A recent study shows an alarmingly high support for vigilante justice in numerous countries in the Americas, a phenomenon linked to a lack of faith in often corrupt and inefficient state institutions, as well as other social and cultural factors.
Data from a study by Vanderbilt University's Latin American Public Opinion Project (pdf) includes a score for the average amount of people who support extralegal justice in the region.
The numbers show the Dominican Republic in the lead, followed by Paraguay and Peru. Notably, the United States ranked within the top ten countries with the highest degree of support for taking the law into one's own hands, ranking far above other countries with higher homicide rates, including Venezuela, Mexico, and Colombia.
The report stated that the demographic indicators most likely to correspond with support for vigilante justice was age -- the younger the person, the more likely s/he will support vigilantism -- and skin tone -- with people with darker skin tones more likely to show support. Women and more educated people were the least likely to approve.
InSight Crime Analysis
Whether it is lynchings in Bolivia or self-defense militias in Mexico, vigilante justice is a polemical and important issue in many Latin American countries.
It is unsurprising that countries such as Paraguay and the Dominican Republic -- which have notoriously corrupt and inefficient judicial systems -- should rank among the countries with the highest approval rates for vigilantes. The same goes for countries with a strong gang presence, such as Honduras and El Salvador.
In Haiti and Jamaica, support for vigilantism is likely linked to the fact that the state is largely absent for many people. In Jamaica's slums, criminal gangs are often those who enforce the law, while in large parts of Haiti, the rule of law is often completely absent or in the hands of unaccountable militias.
In other high-ranking countries -- like Peru, Bolivia and Ecuador -- another factor may be strong indigenous cultures, as some indigenous populations retain their own judicial traditions and systems that lie outside of the formal state.
Perhaps the most surprising inclusion in the top ten is the United States, which, compared to other countries in the region, has a better functioning judicial system and less security problems. Although no explanation offered for this is in LAPOP's findings, it is possible the ranking is related to a culture of "stand-your-ground" laws and the fiercely held belief in the "right to bear arms."
While the survey shows that by and large, the majority of people in the Americas do not support vigilante justice, the levels of approval in low-ranking countries is nonetheless troubling. While the temptations of vigilante justice in countries with ill-functioning judicial systems are clear, relying on those who take the law into their hands is a highly risky system, with plenty of potential for violence and little accountability.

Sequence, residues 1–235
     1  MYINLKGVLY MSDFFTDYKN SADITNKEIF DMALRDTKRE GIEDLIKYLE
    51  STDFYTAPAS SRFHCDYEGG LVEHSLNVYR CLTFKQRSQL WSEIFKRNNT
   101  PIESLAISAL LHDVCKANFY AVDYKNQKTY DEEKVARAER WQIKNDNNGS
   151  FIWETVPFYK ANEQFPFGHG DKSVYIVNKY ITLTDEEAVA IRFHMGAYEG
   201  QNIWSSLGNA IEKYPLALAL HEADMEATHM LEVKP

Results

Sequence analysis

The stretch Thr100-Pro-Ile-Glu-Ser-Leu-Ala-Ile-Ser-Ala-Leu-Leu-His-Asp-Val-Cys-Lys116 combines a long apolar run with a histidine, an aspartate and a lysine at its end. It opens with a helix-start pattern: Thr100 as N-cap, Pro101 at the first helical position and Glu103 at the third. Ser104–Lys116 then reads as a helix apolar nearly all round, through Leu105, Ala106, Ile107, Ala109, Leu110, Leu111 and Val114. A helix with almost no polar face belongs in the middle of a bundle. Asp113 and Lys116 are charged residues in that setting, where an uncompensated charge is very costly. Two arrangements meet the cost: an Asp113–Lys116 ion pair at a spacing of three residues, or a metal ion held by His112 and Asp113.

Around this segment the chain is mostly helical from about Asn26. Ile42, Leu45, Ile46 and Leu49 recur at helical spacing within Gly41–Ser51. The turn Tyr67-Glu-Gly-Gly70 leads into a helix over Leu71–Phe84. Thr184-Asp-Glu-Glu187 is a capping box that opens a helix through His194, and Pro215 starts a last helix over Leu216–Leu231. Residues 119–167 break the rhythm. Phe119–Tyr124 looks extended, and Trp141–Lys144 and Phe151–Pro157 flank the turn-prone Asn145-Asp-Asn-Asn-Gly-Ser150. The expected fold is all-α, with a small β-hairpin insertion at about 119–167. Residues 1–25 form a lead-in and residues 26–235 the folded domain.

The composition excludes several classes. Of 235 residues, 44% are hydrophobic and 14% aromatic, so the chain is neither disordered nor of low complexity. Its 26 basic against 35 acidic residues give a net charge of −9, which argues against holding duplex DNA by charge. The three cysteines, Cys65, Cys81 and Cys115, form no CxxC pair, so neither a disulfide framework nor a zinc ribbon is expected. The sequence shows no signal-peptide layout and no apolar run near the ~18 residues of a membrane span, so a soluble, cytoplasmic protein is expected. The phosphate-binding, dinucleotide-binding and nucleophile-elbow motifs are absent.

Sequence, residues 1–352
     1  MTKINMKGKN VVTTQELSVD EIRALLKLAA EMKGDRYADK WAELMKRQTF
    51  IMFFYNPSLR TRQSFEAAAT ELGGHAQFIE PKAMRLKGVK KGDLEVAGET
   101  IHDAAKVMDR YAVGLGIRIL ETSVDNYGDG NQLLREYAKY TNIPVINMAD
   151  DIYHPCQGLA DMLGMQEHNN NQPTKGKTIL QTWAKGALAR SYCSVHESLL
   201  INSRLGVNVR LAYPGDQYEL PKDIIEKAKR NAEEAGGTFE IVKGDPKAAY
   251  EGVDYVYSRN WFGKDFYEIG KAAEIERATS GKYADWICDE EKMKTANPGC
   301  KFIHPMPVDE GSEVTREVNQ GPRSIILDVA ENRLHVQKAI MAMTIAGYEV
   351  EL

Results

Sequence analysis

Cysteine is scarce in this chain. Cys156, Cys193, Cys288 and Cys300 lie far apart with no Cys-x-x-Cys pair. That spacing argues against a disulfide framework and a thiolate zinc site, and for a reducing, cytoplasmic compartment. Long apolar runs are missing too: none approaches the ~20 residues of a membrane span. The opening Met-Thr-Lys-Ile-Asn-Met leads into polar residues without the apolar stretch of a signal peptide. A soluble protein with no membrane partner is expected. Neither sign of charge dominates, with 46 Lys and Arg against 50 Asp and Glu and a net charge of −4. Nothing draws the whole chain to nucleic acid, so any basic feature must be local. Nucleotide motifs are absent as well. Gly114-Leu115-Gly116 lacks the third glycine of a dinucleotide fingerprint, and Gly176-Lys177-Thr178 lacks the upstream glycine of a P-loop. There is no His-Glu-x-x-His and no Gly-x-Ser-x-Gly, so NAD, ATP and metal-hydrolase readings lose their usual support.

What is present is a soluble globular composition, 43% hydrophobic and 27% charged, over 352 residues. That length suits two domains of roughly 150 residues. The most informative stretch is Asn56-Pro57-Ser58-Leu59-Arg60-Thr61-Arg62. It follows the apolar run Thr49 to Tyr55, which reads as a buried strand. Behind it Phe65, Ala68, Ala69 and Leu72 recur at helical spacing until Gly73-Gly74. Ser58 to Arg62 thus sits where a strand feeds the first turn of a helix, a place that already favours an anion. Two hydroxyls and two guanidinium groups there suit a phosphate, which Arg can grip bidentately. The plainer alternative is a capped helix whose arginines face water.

There are various examples from across the region that provide clear warnings about where vigilante justice may lead. Colombia has a long history of extralegal "justice," ranging from counter-insurgency paramilitary groups that committed massacres, displacement and a litany of other atrocities, to urban "private security" groups involved in extortion and "social cleansing" of "undesirable" elements such as sex workers, drug users and the homeless.
More recently, a vigilante movement has exploded in the Mexican state of Michoacan, rising up to take on criminal group the Knights Templar. While they have been successful in battering the Knights and are now partially legalized, there is growing evidence that factions of the militias have criminalized and are possible candidates to assume control of Michoacan's criminal economy.
In other countries, the security forces themselves have become involved in vigilante justice, with similarly violent results. In Brazil, militias mostly formed by current and former police to combat the influence of gangs have been implicated in a range of criminal behavior including extortion and murder. In El Salvador, there is growing evidence of police-run anti-gang death squads involved in extra-judicial killings.
These examples clearly demonstrate the answer to Latin America's security problems lies with stronger, more accountable state institutions that weed out corruption, rather than extralegal action, no matter how well intentioned.